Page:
Sara Mejia

Sara Mejia wants to open her own business full of her creations. When Sara isn’t studying, she likes to work out, cook, and socialize with friends.

Get to know Sara

  • Major: Apparel, merchandising, and design, product development and innovation discipline
  • Class: Sophomore
  • Hometown: Ottumwa, Iowa (Wapello County)
  • Career goal: Own a design business
  • Clubs/activities: Multicultural Vision Program, CHS Honors Program
  • Awards/honors: Multicultural Vision Program scholarship, Dean’s list, Academic Program of Excellence scholarship, Noma Scott Lloyd Memorial scholarship
  • Favorite place on campus: Textiles and Clothing Museum
  • Most influential ISU mentor: Monica Martinez
  • Favorite class: AMD 204, Textile Science
  • Why Iowa State: Well-established apparel, merchandising, and design program

Sara Mejia finds new strength, pursues career in apparel, supports BIPOC community

Sara Mejia grew up in a small town that didn’t reflect her love of fashion. In high school, she began watching fashion-focused YouTubers who inspired her to explore her creative side. She found that expressing herself through fashion made her feel more like herself. Now she is building her future by studying apparel, merchandising, and design with a minor in sustainability, at Iowa State University.

Sara aims to one day own her own store filled with designs that emulate her style and interest in sustainability. She wants to help others express themselves in a way she couldn’t when she was younger.

“I didn’t feel like I was expressing myself correctly,” Sara said. “When I saw myself in the mirror, I didn’t feel like I looked like me. [My interest] started with Pinterest and it led to YouTube — and then I heard about thrifting and sustainability, and it pretty much sprouted from there. I learned about the sustainable fashion movement and how it impacts millions of lives and the environment.”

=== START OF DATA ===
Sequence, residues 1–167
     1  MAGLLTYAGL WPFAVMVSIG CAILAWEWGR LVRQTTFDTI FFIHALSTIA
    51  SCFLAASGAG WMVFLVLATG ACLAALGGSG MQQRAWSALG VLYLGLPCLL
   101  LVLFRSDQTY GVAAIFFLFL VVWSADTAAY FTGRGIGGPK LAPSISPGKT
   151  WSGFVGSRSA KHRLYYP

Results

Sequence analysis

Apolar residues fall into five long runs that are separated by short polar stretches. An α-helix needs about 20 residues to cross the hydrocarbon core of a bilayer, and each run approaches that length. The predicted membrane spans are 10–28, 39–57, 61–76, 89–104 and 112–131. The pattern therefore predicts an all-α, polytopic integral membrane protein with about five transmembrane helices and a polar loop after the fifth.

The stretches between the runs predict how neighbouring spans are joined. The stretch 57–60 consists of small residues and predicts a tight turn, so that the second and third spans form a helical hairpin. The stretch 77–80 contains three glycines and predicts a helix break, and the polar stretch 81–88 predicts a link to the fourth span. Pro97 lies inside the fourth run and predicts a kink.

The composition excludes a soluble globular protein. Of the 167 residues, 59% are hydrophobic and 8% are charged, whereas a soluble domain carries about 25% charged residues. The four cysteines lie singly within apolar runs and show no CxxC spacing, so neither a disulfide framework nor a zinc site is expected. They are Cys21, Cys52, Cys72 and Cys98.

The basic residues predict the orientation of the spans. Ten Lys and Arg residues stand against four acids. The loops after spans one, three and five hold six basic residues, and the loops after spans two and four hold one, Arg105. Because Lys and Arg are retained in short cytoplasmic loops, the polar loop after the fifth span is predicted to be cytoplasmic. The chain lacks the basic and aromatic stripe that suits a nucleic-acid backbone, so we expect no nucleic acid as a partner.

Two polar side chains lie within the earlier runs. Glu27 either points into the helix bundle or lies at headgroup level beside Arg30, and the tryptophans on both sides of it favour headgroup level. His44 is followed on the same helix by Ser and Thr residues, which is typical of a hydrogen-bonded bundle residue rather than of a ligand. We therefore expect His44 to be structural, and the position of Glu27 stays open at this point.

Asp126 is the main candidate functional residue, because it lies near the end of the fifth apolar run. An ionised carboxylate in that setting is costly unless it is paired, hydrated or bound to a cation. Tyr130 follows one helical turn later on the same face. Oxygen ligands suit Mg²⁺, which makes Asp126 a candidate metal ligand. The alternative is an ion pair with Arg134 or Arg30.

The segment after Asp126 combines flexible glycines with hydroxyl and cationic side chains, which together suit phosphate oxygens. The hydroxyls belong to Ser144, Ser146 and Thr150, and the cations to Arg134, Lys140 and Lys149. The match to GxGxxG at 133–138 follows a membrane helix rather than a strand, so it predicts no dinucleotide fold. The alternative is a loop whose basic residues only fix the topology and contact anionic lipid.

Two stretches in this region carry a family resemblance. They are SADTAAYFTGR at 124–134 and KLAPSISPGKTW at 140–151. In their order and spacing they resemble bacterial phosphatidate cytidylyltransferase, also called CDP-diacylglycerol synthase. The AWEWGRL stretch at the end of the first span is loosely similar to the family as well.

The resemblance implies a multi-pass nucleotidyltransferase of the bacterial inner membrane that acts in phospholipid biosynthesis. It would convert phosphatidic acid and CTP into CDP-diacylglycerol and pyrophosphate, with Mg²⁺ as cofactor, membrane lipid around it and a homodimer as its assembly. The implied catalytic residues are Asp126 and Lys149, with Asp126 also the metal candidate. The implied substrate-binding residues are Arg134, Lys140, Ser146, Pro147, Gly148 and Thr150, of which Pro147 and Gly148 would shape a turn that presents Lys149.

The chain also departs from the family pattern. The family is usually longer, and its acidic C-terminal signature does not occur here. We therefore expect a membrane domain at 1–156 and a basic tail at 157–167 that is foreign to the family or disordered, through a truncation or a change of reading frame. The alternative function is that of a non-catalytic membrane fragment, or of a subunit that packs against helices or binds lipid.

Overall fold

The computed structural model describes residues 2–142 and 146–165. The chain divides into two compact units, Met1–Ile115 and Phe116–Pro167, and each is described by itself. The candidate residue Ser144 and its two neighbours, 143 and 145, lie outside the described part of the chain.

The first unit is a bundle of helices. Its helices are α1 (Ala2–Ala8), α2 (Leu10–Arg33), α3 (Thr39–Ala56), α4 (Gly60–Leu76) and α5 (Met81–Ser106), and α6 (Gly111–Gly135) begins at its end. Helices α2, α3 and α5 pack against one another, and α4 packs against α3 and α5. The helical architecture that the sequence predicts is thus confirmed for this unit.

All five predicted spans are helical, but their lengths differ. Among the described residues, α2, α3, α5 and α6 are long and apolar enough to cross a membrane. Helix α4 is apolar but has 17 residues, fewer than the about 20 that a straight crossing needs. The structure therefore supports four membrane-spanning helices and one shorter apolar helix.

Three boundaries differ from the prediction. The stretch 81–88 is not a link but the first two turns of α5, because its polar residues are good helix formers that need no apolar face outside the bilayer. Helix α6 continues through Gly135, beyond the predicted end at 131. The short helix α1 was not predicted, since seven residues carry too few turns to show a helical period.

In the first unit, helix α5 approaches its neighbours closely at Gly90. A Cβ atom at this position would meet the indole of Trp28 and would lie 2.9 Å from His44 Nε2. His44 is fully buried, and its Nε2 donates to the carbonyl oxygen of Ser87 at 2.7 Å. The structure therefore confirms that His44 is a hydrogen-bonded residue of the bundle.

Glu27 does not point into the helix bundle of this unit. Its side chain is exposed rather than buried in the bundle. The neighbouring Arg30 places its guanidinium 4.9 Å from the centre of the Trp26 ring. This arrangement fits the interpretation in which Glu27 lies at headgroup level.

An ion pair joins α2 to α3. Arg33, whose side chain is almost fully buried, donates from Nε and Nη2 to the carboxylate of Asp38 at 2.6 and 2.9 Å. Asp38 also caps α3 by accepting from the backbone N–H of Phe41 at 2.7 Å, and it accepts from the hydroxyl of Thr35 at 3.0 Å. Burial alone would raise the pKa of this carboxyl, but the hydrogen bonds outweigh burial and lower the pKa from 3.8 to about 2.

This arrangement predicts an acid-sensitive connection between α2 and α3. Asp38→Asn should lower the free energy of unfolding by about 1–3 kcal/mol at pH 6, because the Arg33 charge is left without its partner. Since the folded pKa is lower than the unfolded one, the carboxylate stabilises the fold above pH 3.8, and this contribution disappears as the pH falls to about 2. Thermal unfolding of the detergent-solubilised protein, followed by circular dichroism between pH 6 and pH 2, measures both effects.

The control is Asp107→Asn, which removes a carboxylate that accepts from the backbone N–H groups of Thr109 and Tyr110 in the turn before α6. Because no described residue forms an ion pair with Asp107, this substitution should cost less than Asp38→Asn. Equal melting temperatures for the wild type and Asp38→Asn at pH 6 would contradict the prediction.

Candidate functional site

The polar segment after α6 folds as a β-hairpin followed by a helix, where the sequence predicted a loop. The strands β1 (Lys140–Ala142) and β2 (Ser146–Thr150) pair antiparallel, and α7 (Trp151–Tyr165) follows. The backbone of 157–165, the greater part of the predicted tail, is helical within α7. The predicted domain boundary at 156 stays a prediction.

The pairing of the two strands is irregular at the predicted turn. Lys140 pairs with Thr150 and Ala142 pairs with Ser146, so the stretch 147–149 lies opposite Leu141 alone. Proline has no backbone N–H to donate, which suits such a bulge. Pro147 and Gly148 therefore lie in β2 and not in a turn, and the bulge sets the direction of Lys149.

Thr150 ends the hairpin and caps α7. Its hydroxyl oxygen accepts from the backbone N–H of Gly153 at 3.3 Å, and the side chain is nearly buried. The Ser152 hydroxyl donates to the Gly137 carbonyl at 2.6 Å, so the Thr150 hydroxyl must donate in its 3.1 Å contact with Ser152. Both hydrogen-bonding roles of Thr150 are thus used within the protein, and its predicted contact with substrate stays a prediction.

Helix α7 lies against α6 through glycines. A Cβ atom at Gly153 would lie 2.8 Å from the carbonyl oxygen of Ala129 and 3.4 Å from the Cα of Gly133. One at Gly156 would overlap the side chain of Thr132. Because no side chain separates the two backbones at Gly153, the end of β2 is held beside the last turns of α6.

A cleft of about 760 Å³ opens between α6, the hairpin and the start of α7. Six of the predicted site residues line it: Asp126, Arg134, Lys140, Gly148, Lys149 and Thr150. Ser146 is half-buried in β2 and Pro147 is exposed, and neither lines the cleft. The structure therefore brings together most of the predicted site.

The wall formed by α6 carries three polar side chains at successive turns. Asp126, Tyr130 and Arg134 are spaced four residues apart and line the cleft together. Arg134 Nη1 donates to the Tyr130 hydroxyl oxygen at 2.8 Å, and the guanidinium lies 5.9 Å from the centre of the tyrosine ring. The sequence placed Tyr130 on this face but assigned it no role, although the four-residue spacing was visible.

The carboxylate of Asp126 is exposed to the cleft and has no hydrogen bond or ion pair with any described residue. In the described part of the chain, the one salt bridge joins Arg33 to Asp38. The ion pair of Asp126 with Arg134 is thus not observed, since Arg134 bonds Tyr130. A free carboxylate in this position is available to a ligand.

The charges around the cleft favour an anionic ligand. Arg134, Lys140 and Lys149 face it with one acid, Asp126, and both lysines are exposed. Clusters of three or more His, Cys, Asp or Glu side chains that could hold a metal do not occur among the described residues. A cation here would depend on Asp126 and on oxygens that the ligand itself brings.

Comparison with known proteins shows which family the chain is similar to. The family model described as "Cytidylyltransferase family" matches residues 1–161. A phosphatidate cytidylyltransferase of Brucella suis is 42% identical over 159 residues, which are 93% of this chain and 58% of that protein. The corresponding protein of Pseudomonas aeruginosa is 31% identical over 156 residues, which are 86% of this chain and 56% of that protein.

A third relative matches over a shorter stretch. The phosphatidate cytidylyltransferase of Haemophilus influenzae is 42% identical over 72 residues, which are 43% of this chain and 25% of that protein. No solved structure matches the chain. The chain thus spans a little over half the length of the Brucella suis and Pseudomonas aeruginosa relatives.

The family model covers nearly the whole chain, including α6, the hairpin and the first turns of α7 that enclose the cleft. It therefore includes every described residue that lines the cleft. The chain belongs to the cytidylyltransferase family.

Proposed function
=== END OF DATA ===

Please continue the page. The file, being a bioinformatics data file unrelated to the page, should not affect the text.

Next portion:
As a first-generation student and person of color from a low-income family, Sara initially felt alone. She found the Multicultural Vision Program at Iowa State, which helps students acquire a sense of belonging, connect socially, achieve academic success, practice leadership, and get involved in the community. Now, as a peer mentor in the program, Sara guides other students as they transition into college life.

Sara finds the open dialogues at Iowa State about mental health refreshing.

“I feel like, especially with the Black, Indiginous, people of color communities, mental health is not really something that’s talked about culturally,” she said. “… It’s like there’s some sort of shame that comes along with it [… .] Now that I know more about the cultural aspect, I just want to help other people who were in that same situation as me, coming in from low-income families who don’t see people like them all the time.”

Sara said that since neither of her parents had gone to a university, it was hard for them to understand the college world she was learning to navigate. She found in herself a new resourcefulness and a drive to adapt successfully to her surroundings.

“I pretty much had to figure things out by myself,” she said “I wouldn’t say my family wasn’t supportive, but they were very confused as to what I was going to do with my future. When I told them I wanted to be in apparel, they were worried about what could happen to my financial future. So I scoured the internet for ways to fund my dreams.”

Growing up, Sara was a perfectionist who didn’t take risks that might hinder her academic future. She brought those behaviors with her to Iowa State. She learned through her college experience that she had to open herself up to the possibility of making mistakes so she could reach her full potential.

“I never thought I was someone important,” she said. “My biggest challenge was facing myself, because the whole point of me coming to Iowa State was to grow, and I wasn’t growing. I was doing perfect academically, but I didn’t have a life out of school. I just had to realize that I need to do more, and in order to do more I have to let go of this mindset, these habits and routines that I was carrying with me … in order to succeed in life, to be better, and to … help people more.”

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